Cambridge, Mass. is about to become Cambridge, Ass.
At 5:00 tonight, as part of Harvard Sex Week, the storied institution will host "What What in the Butt: Anal Sex 101," a workshop that promises to cover "anal anatomy and the potential for pleasure for all genders; how to talk about it with a partner; basic preparation and hygiene; lubes, anal toys, and safer sex; anal penetration for beginners, and much more!" Students can expect to learn "why people do it and how to do it well."
Outraged critics believe these workshops don't belong at the world's finest university. At least one Harvard student is calling them "downright vulgar" on The College Fix, and many of the article's reader comments are in agreement.
We asked Kirin Gupta, co-president of Sexual Health Education & Advocacy Throughout Harvard (SHEATH), which organizes Harvard Sex Week, to respond to the media firestorm.
MTV News: Why do you think Harvard Sex Week is making so many headlines?
Kirin Gupta: The past two years we had Sex Week, we didn't have an anal sex event -- but I think it's something that was really missing. It's part of a lot of people's sex lives, but it's something a lot of people don't want to acknowledge because it's not part of traditional heteronormative sexuality.
Saying we don't need [the workshop] is like saying we don't need sex education, or should have abstinence-only education, or that people should feel ashamed for doing whatever it is that's part of their sexual practice. ... The conservative backlash speaks to the latent homophobia that society thinks so often it has gotten over, and has not. It speaks to these residual prejudices that people [have] when faced with a reality they're not willing to acknowledge or respect.
MTV: Is the workshop mostly aimed at straight couples, gay couples or both?
Gupta: It's about the general mechanics. It is different for people of different genders, but it does address performing this act on anyone of any gender.
It's also important that anal sex is not just penetrative -- there are a lot of sex acts around anal anatomy. It is about a lot of different forms of how to do this safely.
MTV: It seems like, uh, "What What in the Butt"-stuff has become way more mainstream over the past few years. Why do you think that is?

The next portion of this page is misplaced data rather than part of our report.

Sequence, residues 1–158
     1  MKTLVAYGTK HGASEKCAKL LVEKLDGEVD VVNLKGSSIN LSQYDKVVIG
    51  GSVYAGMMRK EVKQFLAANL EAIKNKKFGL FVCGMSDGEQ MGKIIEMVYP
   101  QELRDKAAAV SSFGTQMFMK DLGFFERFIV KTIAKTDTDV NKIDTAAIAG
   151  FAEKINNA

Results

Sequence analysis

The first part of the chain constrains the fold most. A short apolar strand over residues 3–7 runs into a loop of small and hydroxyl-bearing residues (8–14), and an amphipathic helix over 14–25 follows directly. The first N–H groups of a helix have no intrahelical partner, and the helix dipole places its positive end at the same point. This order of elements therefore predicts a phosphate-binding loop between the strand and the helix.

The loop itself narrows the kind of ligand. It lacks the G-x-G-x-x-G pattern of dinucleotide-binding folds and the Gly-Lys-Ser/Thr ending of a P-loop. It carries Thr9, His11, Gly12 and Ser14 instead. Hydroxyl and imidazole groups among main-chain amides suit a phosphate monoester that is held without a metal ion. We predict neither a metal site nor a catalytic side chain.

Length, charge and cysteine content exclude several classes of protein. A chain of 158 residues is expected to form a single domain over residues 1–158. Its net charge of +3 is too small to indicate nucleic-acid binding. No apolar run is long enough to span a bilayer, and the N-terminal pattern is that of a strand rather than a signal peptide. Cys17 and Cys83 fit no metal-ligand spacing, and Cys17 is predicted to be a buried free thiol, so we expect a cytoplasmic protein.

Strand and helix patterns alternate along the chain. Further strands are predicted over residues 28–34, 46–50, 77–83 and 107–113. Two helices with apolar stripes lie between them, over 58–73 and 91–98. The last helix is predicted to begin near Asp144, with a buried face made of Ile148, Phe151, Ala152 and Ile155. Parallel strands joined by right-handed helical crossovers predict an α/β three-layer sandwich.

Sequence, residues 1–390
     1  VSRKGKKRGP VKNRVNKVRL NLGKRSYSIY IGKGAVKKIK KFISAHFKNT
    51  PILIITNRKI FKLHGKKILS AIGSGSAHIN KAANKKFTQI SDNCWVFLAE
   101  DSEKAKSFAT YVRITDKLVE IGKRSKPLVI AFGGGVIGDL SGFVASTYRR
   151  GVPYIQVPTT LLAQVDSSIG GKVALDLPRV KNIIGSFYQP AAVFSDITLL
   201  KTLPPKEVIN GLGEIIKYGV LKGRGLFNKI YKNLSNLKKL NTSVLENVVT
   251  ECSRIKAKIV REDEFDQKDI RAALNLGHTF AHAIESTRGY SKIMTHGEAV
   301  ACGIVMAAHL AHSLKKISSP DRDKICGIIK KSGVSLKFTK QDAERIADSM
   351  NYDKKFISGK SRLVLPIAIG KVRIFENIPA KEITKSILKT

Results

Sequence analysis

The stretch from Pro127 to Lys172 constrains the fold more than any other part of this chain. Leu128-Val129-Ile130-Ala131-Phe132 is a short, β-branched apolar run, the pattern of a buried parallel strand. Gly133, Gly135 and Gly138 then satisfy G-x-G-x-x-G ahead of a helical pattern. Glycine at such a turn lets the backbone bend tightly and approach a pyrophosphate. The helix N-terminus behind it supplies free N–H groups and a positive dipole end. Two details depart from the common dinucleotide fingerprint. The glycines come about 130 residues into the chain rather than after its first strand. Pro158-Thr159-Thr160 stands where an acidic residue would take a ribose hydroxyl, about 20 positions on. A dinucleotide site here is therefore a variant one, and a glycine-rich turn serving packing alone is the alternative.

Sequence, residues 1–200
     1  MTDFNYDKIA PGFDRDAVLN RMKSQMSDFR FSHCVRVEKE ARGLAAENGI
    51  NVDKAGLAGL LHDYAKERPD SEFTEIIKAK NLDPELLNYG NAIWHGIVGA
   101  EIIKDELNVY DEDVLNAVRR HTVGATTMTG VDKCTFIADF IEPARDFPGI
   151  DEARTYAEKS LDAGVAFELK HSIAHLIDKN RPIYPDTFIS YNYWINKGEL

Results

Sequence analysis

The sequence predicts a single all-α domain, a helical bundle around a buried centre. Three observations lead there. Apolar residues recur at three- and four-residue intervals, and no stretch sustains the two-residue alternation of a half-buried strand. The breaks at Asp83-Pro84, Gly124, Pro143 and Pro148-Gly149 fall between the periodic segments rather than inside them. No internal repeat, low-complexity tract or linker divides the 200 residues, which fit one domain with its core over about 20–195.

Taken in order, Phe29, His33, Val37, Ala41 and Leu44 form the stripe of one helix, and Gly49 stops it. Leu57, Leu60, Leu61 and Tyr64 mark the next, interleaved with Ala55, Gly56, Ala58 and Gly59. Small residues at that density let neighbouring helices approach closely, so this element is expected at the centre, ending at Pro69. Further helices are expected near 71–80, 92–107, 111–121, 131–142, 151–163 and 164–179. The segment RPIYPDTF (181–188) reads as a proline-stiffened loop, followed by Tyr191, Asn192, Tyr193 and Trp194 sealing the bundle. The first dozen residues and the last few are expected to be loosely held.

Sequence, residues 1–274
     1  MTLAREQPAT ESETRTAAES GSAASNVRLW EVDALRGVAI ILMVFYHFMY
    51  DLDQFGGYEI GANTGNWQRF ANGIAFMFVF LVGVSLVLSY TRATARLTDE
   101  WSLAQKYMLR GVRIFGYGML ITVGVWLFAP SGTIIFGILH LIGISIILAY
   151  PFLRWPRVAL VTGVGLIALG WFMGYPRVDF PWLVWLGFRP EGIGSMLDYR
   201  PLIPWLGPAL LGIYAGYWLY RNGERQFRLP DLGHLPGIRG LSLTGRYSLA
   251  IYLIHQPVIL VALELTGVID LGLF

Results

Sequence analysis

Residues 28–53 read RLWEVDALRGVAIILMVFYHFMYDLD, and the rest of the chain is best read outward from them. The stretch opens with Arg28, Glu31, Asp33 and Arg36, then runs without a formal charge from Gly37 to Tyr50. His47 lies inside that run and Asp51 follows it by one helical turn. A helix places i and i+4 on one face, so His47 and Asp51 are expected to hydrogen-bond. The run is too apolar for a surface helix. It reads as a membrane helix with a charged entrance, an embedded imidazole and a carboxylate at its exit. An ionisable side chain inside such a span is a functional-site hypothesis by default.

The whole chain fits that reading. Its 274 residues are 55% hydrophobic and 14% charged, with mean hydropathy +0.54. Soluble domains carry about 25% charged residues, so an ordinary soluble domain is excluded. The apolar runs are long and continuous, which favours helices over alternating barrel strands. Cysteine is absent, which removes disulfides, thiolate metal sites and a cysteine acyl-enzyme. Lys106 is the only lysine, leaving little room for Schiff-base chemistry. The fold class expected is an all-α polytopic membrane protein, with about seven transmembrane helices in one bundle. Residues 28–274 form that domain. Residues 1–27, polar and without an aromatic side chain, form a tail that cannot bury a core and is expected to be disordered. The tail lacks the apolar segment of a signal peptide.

Gupta: I can't speak to the whole social trend, since I don't have sociological research in front of me, but I do think people are more and more willing to talk about a diversity of sexualities and a diversity of sex acts and sexual practices. It is important to get an education and talk about your partner's needs.
MTV: Do you think this workshop wouldn't have been a big deal at any other school, but because it's Harvard specifically...
Gupta: Yeah, a lot of times people forget that an Ivy League is also a college campus. There are young people here and they need sex education just as much as any other campus needs it. A lot of people think of Harvard as [having] old-school, ivory tower, Northeastern Protestant puritan morality -- this abstinent or sexually repressed attitude toward intimacy. Part of why Harvard Sex Week exists is to open the dialogue about sex in whatever forms it is taking place.
MTV: How many students are attending the events on average?
Gupta: It depends on the workshop. We get anywhere from 12 to 200-250 people.
MTV: What would you say to the criticism that students could just Google this stuff, instead of having the university spend resources on it?
Gupta: The thing is people can Google only what they know they're looking for. If you're only looking for penetrative sex, you won't find any information about the other kinds of pleasure-receiving that are possible. There's so much on the internet that's harmful or destructive -- violent porn or toxic erotica sites -- and it is not safe-sex education.
There is something to having someone in front of you, where you can feel comfortable and ask questions. This is something you shouldn't have to shamefully Google in your room at night.
MTV: Are you getting any protests on campus, or is it just online?
Gupta: Not usually protesters. There is a fairly vocal group of abstinence-only conservatives, an advocacy group that does have quite a presence on the campus, and we have gotten a lot of backlash from those kinds of groups. There have been a few posters outside, but it's not something where they scream at us -- yet.
MTV: How would you respond to commenters saying this workshop is somehow evidence of America's crumbling morality?
Gupta: I would say that the idea America has a crumbling morality, that we have some kind of morality that's standing, is built on repressive patriarchal conceptions of sex and sexuality. So if that's crumbling, then let it crumble.
But what's important to me is to address our partners' needs and engage in all of these acts safely, and respect our partners' consent and talk about these things openly. And I think that, in itself, is a moral enterprise.
Head to itsyoursexlife.com for more facts and answers to all your sexual health questions.